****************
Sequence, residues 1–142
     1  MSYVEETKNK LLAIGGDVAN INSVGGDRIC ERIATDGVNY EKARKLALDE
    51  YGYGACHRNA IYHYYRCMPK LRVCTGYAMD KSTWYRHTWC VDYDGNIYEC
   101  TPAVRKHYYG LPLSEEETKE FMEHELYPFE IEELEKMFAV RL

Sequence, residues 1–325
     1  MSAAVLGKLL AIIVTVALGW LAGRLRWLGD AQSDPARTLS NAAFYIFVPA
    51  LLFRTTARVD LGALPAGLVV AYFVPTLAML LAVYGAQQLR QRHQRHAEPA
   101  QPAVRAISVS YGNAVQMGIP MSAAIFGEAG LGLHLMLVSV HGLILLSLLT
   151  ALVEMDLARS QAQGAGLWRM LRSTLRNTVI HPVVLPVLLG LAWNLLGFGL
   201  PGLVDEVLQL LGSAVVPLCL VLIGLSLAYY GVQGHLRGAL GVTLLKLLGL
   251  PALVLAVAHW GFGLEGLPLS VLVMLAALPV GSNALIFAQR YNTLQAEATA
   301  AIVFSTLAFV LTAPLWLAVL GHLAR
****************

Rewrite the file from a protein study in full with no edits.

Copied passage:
Sequence, residues 1–142
     1  MSYVEETKNK LLAIGGDVAN INSVGGDRIC ERIATDGVNY EKARKLALDE
    51  YGYGACHRNA IYHYYRCMPK LRVCTGYAMD KSTWYRHTWC VDYDGNIYEC
   101  TPAVRKHYYG LPLSEEETKE FMEHELYPFE IEELEKMFAV RL

Sequence, residues 1–325
     1  MSAAVLGKLL AIIVTVALGW LAGRLRWLGD AQSDPARTLS NAAFYIFVPA
    51  LLFRTTARVD LGALPAGLVV AYFVPTLAML LAVYGAQQLR QRHQRHAEPA
   101  QPAVRAISVS YGNAVQMGIP MSAAIFGEAG LGLHLMLVSV HGLILLSLLT
   151  ALVEMDLARS QAQGAGLWRM LRSTLRNTVI HPVVLPVLLG LAWNLLGFGL
   201  PGLVDEVLQL LGSAVVPLCL VLIGLSLAYY GVQGHLRGAL GVTLLKLLGL
   251  PALVLAVAHW GFGLEGLPLS VLVMLAALPV GSNALIFAQR YNTLQAEATA
   301  AIVFSTLAFV LTAPLWLAVL GHLAR